I will tell you how to become rich. Close the doors. Be fearful when others are greedy. Be greedy when others are fearful. - Warren Buffett
A little over ten years ago I sat in a meeting during the middle of the financial crisis we call “The Great Recession”. The speaker was a well known leader in the community and had the ear and trust of those in attendance. At this meeting this man spoke about the severe decline of financial markets and told us that he had sold everything in his company’s retirement plan and suggested that was a prudent thing to do. He was not a financial advisor and to my knowledge had no more experience with personal finances than anyone else in attendance. Fortunately, I did not follow his counsel in an area which was not his expertise.
Markets bottomed in March of 2009 after a broad decline of over 50% from their peak less than a year earlier. We sometimes forget that when markets were already down 50% fear was reaching a crescendo which made it appear that a dive over the cliff with the remaining assets of those portfolios seemed imminent. Those darkest days I remember well - as I struggled daily to convince people to stay the course despite the gut-wrenching decline. There was legitimate concern in both individual AND institutional investors that the world’s financial systems were broken. For those who were close to retirement or who had recently retired – the situation seemed to be their worse financial nightmare.
What happened after that March 2009 bottom? In 2009 the market returns were in the high 20’s to mid 30’s depending on how your portfolio was allocated. If you missed that because 2008 and early 2009 scared you into selling - you watched on the sidelines with the knowledge that by selling you had locked in those scary prices and missed the subsequent recovery. I have met many of these people over the last ten plus years and for many of them their financial lives and plans for their future have never recovered. Their understandable fear led them to behavior (selling) that they have greatly regretted ever since.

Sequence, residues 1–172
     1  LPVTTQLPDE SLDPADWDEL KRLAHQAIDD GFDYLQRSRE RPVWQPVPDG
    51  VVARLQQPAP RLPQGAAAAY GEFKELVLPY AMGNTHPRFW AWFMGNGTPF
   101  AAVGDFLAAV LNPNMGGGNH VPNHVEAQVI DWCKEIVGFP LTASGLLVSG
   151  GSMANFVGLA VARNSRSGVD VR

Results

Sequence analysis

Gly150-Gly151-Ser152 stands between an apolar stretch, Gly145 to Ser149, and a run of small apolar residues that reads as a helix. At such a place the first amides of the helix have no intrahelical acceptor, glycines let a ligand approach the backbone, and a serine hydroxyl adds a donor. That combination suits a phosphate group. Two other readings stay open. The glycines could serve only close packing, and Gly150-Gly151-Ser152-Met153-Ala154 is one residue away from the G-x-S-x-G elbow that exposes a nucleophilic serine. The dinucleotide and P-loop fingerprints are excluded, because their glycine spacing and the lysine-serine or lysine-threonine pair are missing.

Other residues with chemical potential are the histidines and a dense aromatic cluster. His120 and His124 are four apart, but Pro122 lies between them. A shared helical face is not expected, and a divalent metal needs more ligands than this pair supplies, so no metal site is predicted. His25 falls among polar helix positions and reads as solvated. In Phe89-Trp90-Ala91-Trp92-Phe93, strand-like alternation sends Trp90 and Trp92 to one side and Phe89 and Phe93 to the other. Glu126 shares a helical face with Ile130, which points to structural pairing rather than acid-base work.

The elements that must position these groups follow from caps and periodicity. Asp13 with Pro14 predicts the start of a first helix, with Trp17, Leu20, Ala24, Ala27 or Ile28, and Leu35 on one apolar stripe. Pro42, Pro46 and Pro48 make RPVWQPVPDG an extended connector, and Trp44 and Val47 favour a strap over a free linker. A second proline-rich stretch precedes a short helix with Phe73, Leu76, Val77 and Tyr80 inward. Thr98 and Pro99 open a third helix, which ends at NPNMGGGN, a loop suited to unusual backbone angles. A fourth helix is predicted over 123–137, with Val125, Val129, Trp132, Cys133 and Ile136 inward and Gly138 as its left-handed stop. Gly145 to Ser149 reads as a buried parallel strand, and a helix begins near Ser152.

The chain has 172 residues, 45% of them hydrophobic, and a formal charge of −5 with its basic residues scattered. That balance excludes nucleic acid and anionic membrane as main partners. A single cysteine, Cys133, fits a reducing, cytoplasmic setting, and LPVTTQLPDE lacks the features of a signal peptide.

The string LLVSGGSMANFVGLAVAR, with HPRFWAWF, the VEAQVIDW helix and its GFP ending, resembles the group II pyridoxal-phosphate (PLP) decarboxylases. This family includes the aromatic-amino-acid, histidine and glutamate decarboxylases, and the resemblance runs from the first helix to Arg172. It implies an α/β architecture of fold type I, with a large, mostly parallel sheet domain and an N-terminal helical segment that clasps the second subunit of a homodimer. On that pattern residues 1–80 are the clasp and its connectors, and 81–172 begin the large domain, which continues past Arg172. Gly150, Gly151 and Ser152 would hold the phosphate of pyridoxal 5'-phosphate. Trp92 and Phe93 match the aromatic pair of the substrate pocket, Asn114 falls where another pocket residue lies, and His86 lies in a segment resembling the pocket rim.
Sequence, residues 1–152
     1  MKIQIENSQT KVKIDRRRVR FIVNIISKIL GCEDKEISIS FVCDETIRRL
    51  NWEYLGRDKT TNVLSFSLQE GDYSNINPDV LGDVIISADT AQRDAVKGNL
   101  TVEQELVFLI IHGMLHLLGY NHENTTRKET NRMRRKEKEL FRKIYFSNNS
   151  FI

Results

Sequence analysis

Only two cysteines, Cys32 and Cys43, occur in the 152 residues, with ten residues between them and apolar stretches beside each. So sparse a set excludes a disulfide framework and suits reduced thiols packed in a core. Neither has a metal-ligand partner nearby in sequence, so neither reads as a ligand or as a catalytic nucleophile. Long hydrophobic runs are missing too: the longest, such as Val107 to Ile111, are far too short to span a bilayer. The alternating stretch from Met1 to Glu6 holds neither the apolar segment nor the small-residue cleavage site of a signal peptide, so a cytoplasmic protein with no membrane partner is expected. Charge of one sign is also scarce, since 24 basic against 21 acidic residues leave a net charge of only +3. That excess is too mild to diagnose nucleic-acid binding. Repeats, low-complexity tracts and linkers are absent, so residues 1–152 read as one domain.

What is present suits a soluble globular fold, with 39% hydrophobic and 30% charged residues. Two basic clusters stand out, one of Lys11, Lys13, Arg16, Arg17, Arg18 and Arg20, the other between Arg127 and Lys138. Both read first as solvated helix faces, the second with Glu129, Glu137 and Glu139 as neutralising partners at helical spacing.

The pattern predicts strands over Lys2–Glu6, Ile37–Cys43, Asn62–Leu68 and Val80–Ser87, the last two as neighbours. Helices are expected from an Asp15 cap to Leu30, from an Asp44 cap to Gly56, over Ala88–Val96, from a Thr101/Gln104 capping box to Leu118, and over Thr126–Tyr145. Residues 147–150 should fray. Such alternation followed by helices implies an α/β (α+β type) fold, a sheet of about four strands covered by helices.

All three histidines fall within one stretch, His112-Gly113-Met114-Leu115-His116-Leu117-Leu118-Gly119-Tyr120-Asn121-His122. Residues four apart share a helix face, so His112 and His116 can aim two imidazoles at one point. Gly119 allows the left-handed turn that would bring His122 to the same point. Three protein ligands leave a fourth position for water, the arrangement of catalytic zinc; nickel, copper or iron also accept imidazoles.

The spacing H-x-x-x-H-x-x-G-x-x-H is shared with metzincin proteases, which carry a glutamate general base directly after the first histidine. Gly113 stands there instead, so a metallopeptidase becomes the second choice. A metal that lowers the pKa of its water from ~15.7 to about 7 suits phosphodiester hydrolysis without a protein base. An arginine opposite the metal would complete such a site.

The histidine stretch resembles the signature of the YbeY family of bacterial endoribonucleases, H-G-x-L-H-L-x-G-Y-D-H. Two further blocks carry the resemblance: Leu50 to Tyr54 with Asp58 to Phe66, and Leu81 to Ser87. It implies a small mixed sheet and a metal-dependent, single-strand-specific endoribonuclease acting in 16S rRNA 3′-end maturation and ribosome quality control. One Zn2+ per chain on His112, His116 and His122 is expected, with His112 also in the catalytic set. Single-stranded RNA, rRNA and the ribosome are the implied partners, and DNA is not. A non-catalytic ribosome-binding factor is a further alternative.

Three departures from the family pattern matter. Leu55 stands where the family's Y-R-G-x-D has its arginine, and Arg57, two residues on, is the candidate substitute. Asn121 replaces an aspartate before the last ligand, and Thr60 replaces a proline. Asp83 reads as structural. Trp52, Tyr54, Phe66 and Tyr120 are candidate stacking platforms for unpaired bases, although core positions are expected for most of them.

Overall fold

With that as a backdrop, I write this column with markets down 25%+% from their peak levels a little less than a month ago. Declines have been driven by fears and uncertainty on Covid-19 and a simultaneous oil production fight between Saudi Arabia and Russia. The fear, uncertainty and questions I am hearing now are reminiscent of those from late 2008 and 2009.
What to do? Decisions on investing which hopefully included discussions of risk tolerance and asset allocations are generally decided dispassionately. Any decisions made in the middle of a crisis are by definition driven by fear and frustration and are therefore not likely to be driven by data. While the fear of Covid-19 is largely justified from a health perspective (especially for senior citizens and those with pre-existing health conditions), the economic impact will likely be far less than the market reaction would seem to indicate.
My suggestions to those of you who are fearing for your financial future:
1. Work with an advisor who is calm during the storm. Experience in similar markets will be valuable to you.
2. Trust the decisions you made dispassionately with data. They are generally better than those based on emotions. Stay the course. If you do not need to use the bulk of the invested money in the next couple years there is no reason to sell. If fact, this may be a great opportunity if you have dry powder and the nerve to put it to work while markets are paralyzed by fear.
3. Don’t treat financial markets as a casino. If you are “playing” with individual stocks you are likely to be burned when something negative happens to their price and you lose your nerve.
4. Look forward to better returns in the months and years ahead.